With hindsight, the RBA’s obsession with positive quarterly growth is really dumb.

The aim should be for steady and sustainable long-term growth. Some periods are positive. Some periods are negative. No big deal. Growth will work itself out in the long run.

The RBA governor should have used his position of authority to change public perception on the need for endless growth.

But the responsibility he owed to his fellow Australians was shirked. Instead, the RBA remained wedded to a flawed economic growth model.

What this commission finds truly mystifying is this ‘lower interest rate and greater liquidity’ model had a proven track record in abject failure…the ‘tech wreck’ and the GFC.

Given that the theoretical application of this model produced such woeful practical outcomes, why did the RBA think this time would be different?

The commission notes that the RBA’s actions accord with Einstein’s definition of insanity…doing the same thing over and over again and expecting a different outcome.

One of the more telling moments in the commission’s hearings was the RBA governor’s attempted defence of the RBA’s inflation target.

We presented the governor with the following extract from the Australian Bureau of Statistics (ABS)…

The simplest way of thinking about the CPI is to imagine a basket of goods and services comprising items bought by Australian households. Now imagine the basket is purchased each quarter. As prices change from one quarter to the next, so too will the total price of the basket. The CPI is simply a measure of the changes in the price of this fixed basket as the prices of items in it change.

The total basket is divided into 11 major groups, each representing a specific set of commodities:

  • Food and non-alcoholic beverages
  • Alcohol and tobacco
  • Clothing and footwear
  • Housing
  • Furnishings, household equipment and services
  • Health
  • Transport
  • Communication
  • Recreation and culture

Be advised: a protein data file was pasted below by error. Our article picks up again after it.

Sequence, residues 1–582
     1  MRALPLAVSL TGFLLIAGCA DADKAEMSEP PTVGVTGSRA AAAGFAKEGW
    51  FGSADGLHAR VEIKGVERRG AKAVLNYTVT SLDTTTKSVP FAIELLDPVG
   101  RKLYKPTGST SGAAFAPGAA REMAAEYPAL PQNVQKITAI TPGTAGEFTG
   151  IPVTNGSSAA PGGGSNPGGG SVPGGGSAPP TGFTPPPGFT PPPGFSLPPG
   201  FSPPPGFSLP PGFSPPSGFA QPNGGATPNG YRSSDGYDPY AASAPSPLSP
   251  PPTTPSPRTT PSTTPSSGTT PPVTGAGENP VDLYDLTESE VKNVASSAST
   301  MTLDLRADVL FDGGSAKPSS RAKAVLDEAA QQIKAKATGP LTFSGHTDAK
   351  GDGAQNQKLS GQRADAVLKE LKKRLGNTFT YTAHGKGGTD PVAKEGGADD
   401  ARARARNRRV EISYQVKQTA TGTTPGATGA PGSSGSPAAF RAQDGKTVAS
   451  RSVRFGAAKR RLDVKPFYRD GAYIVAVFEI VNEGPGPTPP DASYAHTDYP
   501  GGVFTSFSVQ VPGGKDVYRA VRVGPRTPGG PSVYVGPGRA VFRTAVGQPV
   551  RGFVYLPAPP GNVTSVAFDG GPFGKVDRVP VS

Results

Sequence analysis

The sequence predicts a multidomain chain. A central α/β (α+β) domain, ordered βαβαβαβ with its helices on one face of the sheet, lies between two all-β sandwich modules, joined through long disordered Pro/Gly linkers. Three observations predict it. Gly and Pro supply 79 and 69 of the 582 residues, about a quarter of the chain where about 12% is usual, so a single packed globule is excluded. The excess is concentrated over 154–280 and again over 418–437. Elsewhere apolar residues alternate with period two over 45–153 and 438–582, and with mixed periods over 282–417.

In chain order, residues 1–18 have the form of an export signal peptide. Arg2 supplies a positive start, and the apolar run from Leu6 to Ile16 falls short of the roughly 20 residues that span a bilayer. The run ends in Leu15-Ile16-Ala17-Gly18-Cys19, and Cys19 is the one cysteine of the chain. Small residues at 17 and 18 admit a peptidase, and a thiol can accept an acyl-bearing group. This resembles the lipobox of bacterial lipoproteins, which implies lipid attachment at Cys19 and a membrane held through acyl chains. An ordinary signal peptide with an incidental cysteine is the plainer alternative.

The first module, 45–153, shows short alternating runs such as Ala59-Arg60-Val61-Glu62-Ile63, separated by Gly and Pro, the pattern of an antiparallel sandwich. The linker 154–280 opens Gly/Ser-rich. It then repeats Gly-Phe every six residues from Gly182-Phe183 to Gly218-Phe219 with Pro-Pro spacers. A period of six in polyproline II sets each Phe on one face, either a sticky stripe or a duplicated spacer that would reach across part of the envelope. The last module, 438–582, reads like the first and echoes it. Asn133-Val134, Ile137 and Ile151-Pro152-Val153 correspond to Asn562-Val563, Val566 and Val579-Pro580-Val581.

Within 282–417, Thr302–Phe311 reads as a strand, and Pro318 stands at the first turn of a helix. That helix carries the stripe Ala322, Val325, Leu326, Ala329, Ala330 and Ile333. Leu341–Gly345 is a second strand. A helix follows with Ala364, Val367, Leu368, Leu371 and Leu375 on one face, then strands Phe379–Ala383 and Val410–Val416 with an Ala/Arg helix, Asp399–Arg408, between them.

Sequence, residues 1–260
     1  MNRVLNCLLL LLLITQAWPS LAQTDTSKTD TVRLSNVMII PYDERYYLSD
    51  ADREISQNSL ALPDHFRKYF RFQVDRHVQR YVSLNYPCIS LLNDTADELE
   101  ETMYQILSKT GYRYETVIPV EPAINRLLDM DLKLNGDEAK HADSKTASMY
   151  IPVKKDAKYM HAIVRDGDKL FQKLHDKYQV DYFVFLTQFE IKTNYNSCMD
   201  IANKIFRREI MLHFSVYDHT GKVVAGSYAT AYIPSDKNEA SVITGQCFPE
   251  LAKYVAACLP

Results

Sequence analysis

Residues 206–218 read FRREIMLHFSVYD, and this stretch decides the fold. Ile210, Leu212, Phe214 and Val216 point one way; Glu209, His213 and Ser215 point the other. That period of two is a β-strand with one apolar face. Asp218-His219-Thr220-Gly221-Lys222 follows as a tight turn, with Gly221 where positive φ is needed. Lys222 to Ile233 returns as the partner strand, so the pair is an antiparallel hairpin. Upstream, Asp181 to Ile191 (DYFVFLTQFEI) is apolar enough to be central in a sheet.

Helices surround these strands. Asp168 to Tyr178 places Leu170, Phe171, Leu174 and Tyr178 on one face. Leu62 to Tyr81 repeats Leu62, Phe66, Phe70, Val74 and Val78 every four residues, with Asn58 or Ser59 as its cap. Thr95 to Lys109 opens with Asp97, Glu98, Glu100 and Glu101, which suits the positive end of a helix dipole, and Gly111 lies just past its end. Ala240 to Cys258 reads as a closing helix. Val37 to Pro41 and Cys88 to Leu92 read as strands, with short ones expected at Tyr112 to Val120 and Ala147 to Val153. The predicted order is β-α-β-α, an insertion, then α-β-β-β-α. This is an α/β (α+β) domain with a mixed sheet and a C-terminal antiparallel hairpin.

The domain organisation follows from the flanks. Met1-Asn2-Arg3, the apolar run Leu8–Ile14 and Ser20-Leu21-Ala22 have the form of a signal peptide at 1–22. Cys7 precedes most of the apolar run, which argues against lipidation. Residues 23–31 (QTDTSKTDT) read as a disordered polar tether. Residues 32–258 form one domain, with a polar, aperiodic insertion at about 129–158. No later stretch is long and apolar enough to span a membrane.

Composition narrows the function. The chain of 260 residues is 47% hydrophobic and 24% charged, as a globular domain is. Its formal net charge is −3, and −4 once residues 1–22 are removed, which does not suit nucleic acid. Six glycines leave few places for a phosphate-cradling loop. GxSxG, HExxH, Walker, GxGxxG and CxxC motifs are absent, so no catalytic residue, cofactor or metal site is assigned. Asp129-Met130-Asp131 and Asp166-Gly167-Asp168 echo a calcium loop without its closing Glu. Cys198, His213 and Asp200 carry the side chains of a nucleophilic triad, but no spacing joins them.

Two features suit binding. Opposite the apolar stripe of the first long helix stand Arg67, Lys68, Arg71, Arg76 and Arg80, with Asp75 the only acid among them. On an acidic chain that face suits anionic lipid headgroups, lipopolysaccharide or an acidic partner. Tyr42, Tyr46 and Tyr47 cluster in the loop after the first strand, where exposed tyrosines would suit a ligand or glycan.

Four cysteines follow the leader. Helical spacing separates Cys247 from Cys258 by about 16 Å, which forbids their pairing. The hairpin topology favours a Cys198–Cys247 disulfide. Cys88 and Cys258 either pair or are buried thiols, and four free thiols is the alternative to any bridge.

• Education
  • Insurance and financial services.

In the case of the Australian CPI, this methodology involves devising a basket of goods and services representative of those acquired by metropolitan private households during the course of a full year.

When the Governor was asked ‘which of these items do you want households to pay more for each year? Do you want them to pay more on their phone plan (communication) and/or their favourite wine (alcohol) and/or their kid’s school fees (education) and/or private health insurance (health)?’.

‘Mr Governor, have you asked households whether they want to pay more each year?’

The governor remained stony faced and silent. Eventually, he said…’well in economic theory, it’s not as simple as that.’

Yet, the ABS begins its explanation with ‘the simplest way of thinking’.

The RBA tells us that ‘we need to get inflation up’, yet when questioned on the practicalities of making this happen, the RBA is all ‘ums’ and ‘ahs’.

Targeted inflation creates the illusion of growth. Wages go up. Government receives more income taxes (to fund more give-aways). Prices go up. The dog keeps chasing its tail.

How this nonsense passes for sound economic policy befuddles the commission.

The RBA knew or at least should have known, that lower interest rates would produce two outcomes.

  1. Encourage people to borrow more…creating a debt bubble
  2. Force normally conservative investors to chase higher yielding (and higher risk) alternatives…creating an asset bubble.